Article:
conguration. The end of the initialization period corresponds to the start of the production part of the
simulation and, therefore, represents the origin of time.

density of 2600 kg/m3 (2000 xenon atoms), evaporating


in a subcritical nitrogen environment. The droplet conguration is shown at dierent instances in its lifetime,
with its liquidvapor interface identied using the procedure outlined earlier. A crown of vapor atoms appears to be consistently surrounding the droplet. In
addition, the vaporizing droplet is shown to lose, to
some extent, its spherical shape at random instances in
its lifetime. An important observation here is that the
algorithm developed to distinguish droplet from ambient does an excellent job, and, to a large extent, the
droplet maintains its spherical shape.

3. Results
3.2. Eect of initial droplet and system sizes
3.1. Droplet evaporation
In order to assess the capability of the MD model to
distinguish droplet from ambient during the vaporization process, snapshots of the simulated system were
recorded at dierent instances in time. Fig. 1 presents
these snapshots or instantaneous pictures for a xenon
droplet, with an initial diameter of 6.88 nm and initial

To assess the sensitivity of the MD simulations to the


initial droplet and system size used, results were obtained for three systems of dierent sizes. The droplet
diameters for the three systems were 3.44, 5.14, and 6.88
nm, and the corresponding number of xenon particles
were 205, 783, and 2000, respectively. For all three cases,
the initial ambient (nitrogen) temperature and density

L. Consolini et al. / International Journal of Heat and Mass Transfer 46 (2003) 31793188

were 650 K and 8.5 kg/m3 respectively. The volumes of


the primary system domain were 2.6  103 nm3 8.8  103
nm3 and 20.8  103 nm3 respectively.
Fig. 2 presents the evaporation behavior for the three
cases. The number of droplet particles, normalized by
the initial value, is plotted versus non-dimensional time,
s, which is dened as the actual time elapsed, t, divided
by the time required for half the droplet to evaporate,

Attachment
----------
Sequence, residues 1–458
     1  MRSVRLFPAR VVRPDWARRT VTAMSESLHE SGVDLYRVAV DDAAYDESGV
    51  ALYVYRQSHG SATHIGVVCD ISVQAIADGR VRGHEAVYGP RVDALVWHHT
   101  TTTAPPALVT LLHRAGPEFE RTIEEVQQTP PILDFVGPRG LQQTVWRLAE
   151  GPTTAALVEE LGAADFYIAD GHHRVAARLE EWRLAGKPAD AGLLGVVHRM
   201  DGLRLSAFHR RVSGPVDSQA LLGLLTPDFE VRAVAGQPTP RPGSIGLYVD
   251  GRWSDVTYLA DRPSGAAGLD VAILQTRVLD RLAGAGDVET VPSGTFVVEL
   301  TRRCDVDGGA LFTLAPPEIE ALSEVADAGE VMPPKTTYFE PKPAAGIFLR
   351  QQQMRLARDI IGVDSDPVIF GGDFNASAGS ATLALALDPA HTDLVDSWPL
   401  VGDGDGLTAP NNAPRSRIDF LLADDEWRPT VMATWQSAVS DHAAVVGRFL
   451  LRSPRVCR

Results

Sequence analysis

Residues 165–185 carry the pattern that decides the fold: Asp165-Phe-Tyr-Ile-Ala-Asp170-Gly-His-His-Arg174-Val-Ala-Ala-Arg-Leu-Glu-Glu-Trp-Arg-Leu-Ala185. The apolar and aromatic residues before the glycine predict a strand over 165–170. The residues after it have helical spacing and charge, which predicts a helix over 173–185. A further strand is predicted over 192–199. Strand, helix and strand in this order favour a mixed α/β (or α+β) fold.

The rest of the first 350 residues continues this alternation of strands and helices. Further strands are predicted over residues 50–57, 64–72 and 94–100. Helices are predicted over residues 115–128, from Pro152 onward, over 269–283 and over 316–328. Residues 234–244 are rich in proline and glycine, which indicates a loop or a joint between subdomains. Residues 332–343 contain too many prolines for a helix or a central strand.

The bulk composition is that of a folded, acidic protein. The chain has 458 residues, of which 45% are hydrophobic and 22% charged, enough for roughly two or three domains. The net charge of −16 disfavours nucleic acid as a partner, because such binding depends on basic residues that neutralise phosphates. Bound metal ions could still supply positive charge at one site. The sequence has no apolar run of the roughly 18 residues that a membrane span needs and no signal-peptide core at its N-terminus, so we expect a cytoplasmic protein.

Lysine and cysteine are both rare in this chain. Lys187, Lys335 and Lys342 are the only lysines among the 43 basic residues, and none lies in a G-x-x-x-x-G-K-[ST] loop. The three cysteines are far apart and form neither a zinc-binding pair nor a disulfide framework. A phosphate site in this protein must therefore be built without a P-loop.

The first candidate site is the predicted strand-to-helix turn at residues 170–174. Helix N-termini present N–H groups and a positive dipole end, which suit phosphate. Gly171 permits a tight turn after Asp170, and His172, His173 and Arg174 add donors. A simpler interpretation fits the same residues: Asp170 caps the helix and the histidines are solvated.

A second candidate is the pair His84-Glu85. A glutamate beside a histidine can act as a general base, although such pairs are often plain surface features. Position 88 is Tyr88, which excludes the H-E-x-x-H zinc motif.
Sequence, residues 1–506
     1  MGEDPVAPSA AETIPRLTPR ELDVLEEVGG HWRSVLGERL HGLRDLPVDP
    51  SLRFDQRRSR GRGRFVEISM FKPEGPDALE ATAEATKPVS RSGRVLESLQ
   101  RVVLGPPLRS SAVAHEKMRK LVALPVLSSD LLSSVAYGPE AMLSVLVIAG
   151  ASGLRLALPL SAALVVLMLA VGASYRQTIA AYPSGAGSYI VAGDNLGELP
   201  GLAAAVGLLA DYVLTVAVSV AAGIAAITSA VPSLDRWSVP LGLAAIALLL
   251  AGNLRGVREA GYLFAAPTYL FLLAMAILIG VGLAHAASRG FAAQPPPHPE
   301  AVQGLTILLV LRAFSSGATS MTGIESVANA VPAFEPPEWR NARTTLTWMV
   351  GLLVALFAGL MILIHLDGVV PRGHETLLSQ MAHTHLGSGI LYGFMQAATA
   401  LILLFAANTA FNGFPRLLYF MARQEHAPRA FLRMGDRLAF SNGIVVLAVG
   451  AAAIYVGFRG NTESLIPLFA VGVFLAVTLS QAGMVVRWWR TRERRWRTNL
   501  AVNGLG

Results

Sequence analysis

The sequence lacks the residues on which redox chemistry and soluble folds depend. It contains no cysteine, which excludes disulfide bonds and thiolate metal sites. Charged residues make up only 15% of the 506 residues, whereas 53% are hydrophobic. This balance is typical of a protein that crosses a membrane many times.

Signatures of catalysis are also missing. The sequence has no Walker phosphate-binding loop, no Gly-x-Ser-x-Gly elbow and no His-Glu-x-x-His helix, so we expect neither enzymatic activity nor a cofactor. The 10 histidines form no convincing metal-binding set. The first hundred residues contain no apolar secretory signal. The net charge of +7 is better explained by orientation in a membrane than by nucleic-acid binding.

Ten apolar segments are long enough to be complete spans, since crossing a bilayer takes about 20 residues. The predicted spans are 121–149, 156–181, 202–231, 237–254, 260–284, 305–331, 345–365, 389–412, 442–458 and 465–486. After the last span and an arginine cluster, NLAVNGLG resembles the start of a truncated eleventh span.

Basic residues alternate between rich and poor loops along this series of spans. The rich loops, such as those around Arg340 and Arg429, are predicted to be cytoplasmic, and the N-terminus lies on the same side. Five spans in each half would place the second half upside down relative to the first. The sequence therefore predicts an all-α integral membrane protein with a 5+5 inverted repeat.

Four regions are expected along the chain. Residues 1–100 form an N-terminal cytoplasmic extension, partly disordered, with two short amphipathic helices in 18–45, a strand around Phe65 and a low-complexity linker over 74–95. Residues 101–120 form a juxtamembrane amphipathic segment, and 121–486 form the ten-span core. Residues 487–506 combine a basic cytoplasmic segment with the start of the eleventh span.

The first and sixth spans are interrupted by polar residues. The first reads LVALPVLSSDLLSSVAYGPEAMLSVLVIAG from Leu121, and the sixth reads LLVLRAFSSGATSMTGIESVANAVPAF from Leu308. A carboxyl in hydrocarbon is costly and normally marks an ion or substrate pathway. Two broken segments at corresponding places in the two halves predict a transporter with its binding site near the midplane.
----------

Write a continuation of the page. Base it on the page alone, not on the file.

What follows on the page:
t1=2 : s t=t12 . Half the droplet is considered evaporated
when half the initial droplet particles have migrated to
the vapor phase. The simulations are essentially inde-

3183

pendent of the system size, although uctuations are


larger for the smaller system.
The droplet sphericity is a good measure of the tendency of a droplet to maintain a spherical shape during
the vaporization process. The droplet sphericity, S, is
dened as the ratio of the smallest half axis length to the
largest:
S

minfa; b; cg
maxfa; b; cg

Here a, b, c represent the three droplet axial lengths. Fig.


3 shows the temporal variation of S during the vaporization process for the three system sizes. As the system
size increases, the sphericity appears to maintain a value
consistently closer to unity, implying that under subcritical conditions, a submicron droplet maintains the
spherical shape during its lifetime.
3.3. Vaporization history

Fig. 2. Total number of droplet particles, normalized by their


initial value, plotted versus the normalized time for the three
systems of dierent initial sizes.

To examine the fundamental physics of submicron


droplet evaporation, the behavior of a xenon droplet
was analyzed for dierent ambient conditions. The initial ambient density was 8.5 kg/m3 and the initial pressures for the three cases were 26, 16 and 9 bar,
corresponding to the initial ambient temperatures of
1030, 650 and 330 K respectively (after the initialization
period). The initial droplet temperature was xed at 165
K. It should be noted that the system pressure changes
during the simulation due to two eects. The rst is due
to the decrease in ambient temperature, caused by the
heat transfer from ambient to droplet and by the addition of cooler xenon vapor molecules into the ambient
(Fig. 5b). This decreases the system pressure. On the

Large System

Medium System

Small System